“This.” I gestured around me, hoping to encompass the whole ridiculous situation. “All of this. Why are you going so far out of your way to help me?”

  He rested his arms on his steering wheel and looked at me. “Because you need it.” There was genuine sympathy in his voice, but no condescension or pity.

  “You know this is far beyond the call of duty, right?”

  He shrugged. “From what I can tell, you’re a good person in a bad situation. You’re willing to work, and I don’t mind helping those who want to help themselves.”

  It still seemed way too generous, but I knew I wasn’t going to uncover all his motivations tonight. “Okay. Thank you, Jack,” I mumbled.

  “Welcome, Angel.”

  I waved and went inside. Accepting Jack’s help tomorrow morning was necessary, but then that would be the end of it. He wouldn’t have to cart my sorry butt all over town, and he wouldn’t have to keep feeding me. If I were really lucky, he’d forget all about me, forget about the car and the mystery and the intrigue.

  Yeah right.

  I could dream, though.


  The next morning, when Jack pulled up in front of the hotel, I was ready and waiting by the doors. My messenger bag was slung over my shoulder, and my bag of slightly used clothing was looped over my arm. I ran out and jumped into his truck before he had to chance to cut the engine and come looking for me.

  “Morning,” I said as I buckled my seatbelt. “Thanks again for giving me a ride.”

  “I’m happy to do it.” He dropped the car into gear. “Should we stop for some breakfast?”

  I shook my head. “I had the free breakfast here.” Being more in debt to him wasn’t on my to-do list, so I’d been sure to get out of bed on time.

  The short drive through town was oddly strained. In my peripheral vision, I kept catching Jack looking at me like he was going to say something, but then he’d face forward again. He was probably trying to figure out a way to get more information out of me. It had to be eating at him that he didn’t know who I was, why I was running, why my car had been burned, or why I was essentially homeless and penniless.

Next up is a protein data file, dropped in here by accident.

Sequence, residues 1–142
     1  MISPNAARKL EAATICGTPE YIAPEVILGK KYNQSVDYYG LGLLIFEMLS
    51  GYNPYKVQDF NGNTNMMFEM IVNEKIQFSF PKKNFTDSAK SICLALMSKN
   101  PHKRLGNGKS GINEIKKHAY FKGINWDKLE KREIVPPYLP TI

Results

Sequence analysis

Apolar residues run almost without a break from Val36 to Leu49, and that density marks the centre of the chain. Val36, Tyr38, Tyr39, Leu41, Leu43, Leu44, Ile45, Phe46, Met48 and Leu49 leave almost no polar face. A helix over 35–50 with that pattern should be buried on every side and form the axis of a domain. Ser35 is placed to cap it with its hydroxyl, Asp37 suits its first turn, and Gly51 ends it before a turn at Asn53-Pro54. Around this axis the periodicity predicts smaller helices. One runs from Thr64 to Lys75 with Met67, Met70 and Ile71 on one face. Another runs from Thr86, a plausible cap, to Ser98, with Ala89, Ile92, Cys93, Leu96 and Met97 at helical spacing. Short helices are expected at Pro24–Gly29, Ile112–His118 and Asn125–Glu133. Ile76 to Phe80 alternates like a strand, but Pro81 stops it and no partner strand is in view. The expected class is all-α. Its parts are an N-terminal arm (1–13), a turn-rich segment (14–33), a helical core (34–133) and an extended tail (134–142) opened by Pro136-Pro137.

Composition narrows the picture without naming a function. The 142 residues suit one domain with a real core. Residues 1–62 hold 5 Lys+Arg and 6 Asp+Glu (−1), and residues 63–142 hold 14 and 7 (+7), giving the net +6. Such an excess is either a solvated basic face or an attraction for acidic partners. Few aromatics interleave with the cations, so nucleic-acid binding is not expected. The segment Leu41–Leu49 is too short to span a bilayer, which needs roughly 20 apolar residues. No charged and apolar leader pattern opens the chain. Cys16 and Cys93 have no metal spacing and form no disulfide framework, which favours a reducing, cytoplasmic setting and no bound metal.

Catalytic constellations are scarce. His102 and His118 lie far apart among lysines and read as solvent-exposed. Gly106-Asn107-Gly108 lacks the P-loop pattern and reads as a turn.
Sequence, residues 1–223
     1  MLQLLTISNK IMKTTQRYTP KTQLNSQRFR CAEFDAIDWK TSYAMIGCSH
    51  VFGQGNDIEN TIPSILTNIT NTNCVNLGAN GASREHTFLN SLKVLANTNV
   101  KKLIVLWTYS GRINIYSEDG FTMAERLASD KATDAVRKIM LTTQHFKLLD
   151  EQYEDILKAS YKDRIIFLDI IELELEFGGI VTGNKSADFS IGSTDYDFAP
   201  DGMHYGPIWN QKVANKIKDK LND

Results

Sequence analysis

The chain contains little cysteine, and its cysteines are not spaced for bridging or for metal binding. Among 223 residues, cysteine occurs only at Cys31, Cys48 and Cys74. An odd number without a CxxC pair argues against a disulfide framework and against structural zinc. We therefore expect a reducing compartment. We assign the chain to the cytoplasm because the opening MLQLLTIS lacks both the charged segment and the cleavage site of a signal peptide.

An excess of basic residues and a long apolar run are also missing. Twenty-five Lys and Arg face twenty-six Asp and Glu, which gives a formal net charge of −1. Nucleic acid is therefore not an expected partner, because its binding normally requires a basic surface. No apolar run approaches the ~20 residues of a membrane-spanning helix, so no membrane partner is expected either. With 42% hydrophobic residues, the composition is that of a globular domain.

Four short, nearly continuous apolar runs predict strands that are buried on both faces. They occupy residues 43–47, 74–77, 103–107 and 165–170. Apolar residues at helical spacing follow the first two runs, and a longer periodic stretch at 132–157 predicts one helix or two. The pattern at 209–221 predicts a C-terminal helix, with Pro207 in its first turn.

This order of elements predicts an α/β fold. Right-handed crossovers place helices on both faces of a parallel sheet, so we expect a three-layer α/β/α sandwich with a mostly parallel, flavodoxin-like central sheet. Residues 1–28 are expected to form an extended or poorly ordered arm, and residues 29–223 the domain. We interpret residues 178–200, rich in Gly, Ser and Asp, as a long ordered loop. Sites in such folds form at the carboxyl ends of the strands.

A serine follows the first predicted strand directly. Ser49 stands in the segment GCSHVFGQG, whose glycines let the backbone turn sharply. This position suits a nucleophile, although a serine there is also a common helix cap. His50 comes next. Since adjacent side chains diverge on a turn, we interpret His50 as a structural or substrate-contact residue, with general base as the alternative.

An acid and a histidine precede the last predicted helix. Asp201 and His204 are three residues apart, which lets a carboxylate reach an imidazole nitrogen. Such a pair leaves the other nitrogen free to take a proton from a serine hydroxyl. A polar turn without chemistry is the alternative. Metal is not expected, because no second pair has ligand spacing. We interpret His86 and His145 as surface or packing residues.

He’d just have to live with his disappointment.

  As soon as he came to a stop in front of Adeline’s house, I threw my door open. “Thanks again. I really appreciate it. Bye.”

  His hand was on the key, like he had been planning to turn off the car and probably come inside with me. But I didn’t want that. Jack had turned into a weird combination of a crutch and a liability, and I really needed to get rid of both.

  “Oh. Right,” he said. “No problem, I—”

  “I don’t want to keep you from work.” The work that he had more than half an hour to get to. “Have a good one.” I shut my door and waved before jogging up the front walkway.

  I rang the doorbell, and it was a solid two minutes of feeling Jack’s gaze boring into the back of my head from his truck before Adeline opened the door. She had on a muumuu, and she carefully maneuvered her walker out of the way while giving me a big smile and welcoming me into her home.

  My first order of business was to set up my room. Adeline didn’t do stairs, so I pretty much had the entire second floor to myself. Unless you count the massive pile of boxes occupying most of the bonus room.

  Adeline pointed me to the linen closet and I put some sheets in the wash so they’d be ready to put on the bed later. I went ahead and tossed my Goodwill clothes in as well before stashing my hotel toiletries in the bathroom. Then I went down to see what project Adeline wanted me to tackle first.